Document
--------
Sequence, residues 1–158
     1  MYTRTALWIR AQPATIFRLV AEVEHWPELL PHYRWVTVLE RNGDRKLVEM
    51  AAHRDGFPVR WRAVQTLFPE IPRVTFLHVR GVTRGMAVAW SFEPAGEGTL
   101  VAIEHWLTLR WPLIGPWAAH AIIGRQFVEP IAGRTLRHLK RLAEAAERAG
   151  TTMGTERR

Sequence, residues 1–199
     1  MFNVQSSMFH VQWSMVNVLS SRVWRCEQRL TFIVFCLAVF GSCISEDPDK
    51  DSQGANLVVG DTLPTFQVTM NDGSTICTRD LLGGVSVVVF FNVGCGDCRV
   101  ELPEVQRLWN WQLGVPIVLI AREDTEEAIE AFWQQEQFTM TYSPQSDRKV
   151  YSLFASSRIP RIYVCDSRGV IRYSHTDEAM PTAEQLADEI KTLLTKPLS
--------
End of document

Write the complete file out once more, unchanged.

Sequence, residues 1–158
     1  MYTRTALWIR AQPATIFRLV AEVEHWPELL PHYRWVTVLE RNGDRKLVEM
    51  AAHRDGFPVR WRAVQTLFPE IPRVTFLHVR GVTRGMAVAW SFEPAGEGTL
   101  VAIEHWLTLR WPLIGPWAAH AIIGRQFVEP IAGRTLRHLK RLAEAAERAG
   151  TTMGTERR

Sequence, residues 1–199
     1  MFNVQSSMFH VQWSMVNVLS SRVWRCEQRL TFIVFCLAVF GSCISEDPDK
    51  DSQGANLVVG DTLPTFQVTM NDGSTICTRD LLGGVSVVVF FNVGCGDCRV
   101  ELPEVQRLWN WQLGVPIVLI AREDTEEAIE AFWQQEQFTM TYSPQSDRKV
   151  YSLFASSRIP RIYVCDSRGV IRYSHTDEAM PTAEQLADEI KTLLTKPLS